You recognize, with humility and awe, that to be obedient to this higher calling is what makes life meaningful. Like the three magi, you will bring your utmost best to this rich mystery, and bow to it. The gold and frankincense and myrrh you bring are gifts of yourself: your reverence, your love of goodness, justice and righteousness, your sincere attempts to grow in faith and understanding, your compassion for others. All your acts of caring, which are eminently more valuable than anything you could possibly put under the tree or in a stocking.

But others approach the manger tonight much like Aaron the Drummer Boy, feeling, in the words of the song, like “a poor boy, too” who have no gifts to bring. Your lives are not so together. Perhaps you wear a smile that feels painted on. You come hurting, limping in spirit. But you have shown up. You too feel that that star must mean something, and you have come, feeling empty-handed, to stand in its glow for a moment, to contemplate what it might all mean. And here is how Christmas answers you. Christmas says, “You may have stumbled your way across that desert with nothing in your pocket but a dry cleaning ticket. It doesn’t matter. You are a gift of life itself, and we’re glad you got here however you got here. This baby whom you have come to see represents a love for you that is unconditional and absolute. And what this baby knows, and God knows, is that what you have to bring, if given out of love and reverence, is precious, and sacred.”

We come before the manger tonight as one people, all the same, really, all sharing the same need to live for something greater than ourselves, all sharing the same joy for the ways the unquenchable spirit of love keeps being born into our world again and again. Our finest gifts we bring… rumpumpumpum… rumpumpumpum….rumpumpumpum. There is no need for gold, frankincense or myrrh, as nice as they are. And there is no need for any drum but the beating of your heart. When you have given every beating of that heart over to that baby’s commandment that we love one another, and that we live not for things but for each other, you may come empty-handed to the manger, but you will still have brought the finest gift of all.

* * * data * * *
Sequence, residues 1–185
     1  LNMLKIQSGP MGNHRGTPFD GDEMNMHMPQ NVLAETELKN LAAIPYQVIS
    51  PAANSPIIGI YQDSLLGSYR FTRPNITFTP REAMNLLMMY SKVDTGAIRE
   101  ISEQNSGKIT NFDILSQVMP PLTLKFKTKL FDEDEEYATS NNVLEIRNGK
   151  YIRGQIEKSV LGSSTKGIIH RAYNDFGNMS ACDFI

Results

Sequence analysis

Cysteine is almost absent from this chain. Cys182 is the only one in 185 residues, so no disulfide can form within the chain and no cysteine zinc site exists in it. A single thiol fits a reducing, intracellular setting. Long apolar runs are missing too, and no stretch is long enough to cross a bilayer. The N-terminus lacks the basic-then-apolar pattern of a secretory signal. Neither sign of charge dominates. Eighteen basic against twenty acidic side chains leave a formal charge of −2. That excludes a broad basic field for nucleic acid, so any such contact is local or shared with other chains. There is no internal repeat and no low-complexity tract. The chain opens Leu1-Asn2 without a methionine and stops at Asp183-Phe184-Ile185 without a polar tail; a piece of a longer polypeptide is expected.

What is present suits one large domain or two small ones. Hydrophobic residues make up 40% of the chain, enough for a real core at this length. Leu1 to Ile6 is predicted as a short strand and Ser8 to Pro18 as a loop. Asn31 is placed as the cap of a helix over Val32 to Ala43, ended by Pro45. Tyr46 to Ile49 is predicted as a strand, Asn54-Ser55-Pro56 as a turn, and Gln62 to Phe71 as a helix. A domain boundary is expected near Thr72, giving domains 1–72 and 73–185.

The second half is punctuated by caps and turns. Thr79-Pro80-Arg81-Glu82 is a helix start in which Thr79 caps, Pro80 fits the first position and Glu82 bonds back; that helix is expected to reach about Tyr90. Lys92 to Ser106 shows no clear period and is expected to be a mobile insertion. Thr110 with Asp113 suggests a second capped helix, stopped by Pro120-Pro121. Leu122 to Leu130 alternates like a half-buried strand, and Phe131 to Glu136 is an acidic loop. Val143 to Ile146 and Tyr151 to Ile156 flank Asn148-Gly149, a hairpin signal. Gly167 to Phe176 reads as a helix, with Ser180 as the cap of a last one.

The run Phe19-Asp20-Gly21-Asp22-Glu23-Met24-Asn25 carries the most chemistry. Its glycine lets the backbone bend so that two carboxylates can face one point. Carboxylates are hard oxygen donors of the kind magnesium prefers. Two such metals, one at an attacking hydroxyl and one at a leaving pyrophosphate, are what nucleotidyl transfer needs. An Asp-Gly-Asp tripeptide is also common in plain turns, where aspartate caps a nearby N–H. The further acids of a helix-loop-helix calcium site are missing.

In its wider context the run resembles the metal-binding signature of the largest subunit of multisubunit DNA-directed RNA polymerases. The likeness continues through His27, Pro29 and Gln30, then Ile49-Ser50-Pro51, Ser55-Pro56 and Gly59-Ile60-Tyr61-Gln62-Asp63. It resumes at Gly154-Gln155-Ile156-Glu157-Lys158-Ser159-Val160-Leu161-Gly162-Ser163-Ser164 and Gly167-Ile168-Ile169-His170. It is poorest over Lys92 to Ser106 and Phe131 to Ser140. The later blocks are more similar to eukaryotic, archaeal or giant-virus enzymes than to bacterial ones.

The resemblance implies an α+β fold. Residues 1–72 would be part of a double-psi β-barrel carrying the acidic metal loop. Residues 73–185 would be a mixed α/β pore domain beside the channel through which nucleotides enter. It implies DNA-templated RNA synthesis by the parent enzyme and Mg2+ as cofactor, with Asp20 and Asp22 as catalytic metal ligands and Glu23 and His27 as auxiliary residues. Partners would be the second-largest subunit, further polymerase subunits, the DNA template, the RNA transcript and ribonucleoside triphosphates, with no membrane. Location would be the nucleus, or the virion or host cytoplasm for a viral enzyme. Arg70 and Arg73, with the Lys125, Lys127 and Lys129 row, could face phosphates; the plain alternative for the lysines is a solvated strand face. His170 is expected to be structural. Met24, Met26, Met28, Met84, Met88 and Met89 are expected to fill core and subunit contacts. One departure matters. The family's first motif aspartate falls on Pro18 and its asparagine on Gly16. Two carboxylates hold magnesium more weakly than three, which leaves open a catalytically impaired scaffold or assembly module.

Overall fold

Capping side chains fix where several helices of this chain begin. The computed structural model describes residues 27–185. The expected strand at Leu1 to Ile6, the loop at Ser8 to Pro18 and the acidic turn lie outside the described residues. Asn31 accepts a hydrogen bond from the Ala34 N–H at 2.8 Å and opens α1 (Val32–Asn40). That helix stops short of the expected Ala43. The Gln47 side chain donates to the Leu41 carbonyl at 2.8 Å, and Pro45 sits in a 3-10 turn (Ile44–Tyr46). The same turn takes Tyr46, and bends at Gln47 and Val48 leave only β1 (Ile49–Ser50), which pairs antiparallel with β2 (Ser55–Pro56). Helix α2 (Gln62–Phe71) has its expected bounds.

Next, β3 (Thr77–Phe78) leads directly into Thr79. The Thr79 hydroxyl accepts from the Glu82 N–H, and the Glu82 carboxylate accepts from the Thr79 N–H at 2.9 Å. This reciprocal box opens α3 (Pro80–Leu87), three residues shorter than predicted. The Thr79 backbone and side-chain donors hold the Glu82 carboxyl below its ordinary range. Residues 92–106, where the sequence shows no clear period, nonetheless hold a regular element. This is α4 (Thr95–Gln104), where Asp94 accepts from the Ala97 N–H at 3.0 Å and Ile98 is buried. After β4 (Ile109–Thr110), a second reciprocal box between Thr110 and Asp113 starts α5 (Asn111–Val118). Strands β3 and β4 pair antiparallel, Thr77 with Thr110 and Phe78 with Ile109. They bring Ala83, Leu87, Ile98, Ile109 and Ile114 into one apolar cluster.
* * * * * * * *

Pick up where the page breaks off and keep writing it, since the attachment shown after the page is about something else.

little drummer boy

Advice To a Pastor On Her First Christmas Eve

Get to the church early. Attend to as many details as possible, with as big a smile on your face as is genuinely possible, and spread good cheer. You are making magic tonight, but don’t rely on God or Santa Claus to take care of the details. Make sure that you and your worship aids know when the lights go down during “Silent Night.” Give the participants an opportunity to rehearse. Print your benediction in big enough font so that you can read it by candlelight.

Don’t drone in the pulpit. You are not a history professor explaining events of long ago. You are a person of faith, sharing miracles that live on today in every act of love and mercy. Don’t explain faith; give them your faith. Every reading should be dynamic enough to make people forget that they’ve heard this story 100 times before.

Sing all the carols with all your heart.

Eat some protein before the service and keep a big glass of water in the pulpit (and a lozenge, too). Take a walk today and breathe deep. You’re going to need a big voice later, so breathe way down into your diaphragm, nice and easy. If you have a nervous stomach, a bowl of soup and half an Imodium might be a good idea.

Let nothing you dismay, even screaming babies. If you truly can’t hear yourself think (or speak), it’s fine to pause and to look with kindly concern at the parents of screamers. Ushers should be instructed to approach these poor, benumbed souls with an invitation to the crying room, “because your baby seems to be having such a tough time.” If the parents demur, at least you’ve taken a moment to clear your head so you can coherently continue.

Remember this:

Long lay the world in sin and error pining
‘Til he appeared and the soul felt its worth.

This is why I celebrate Christmas. Find your deepest, most personal reason to celebrate Christmas and bring it with you full force tonight. If you do that, not much else can go amiss. I promise.

God bless us, every one.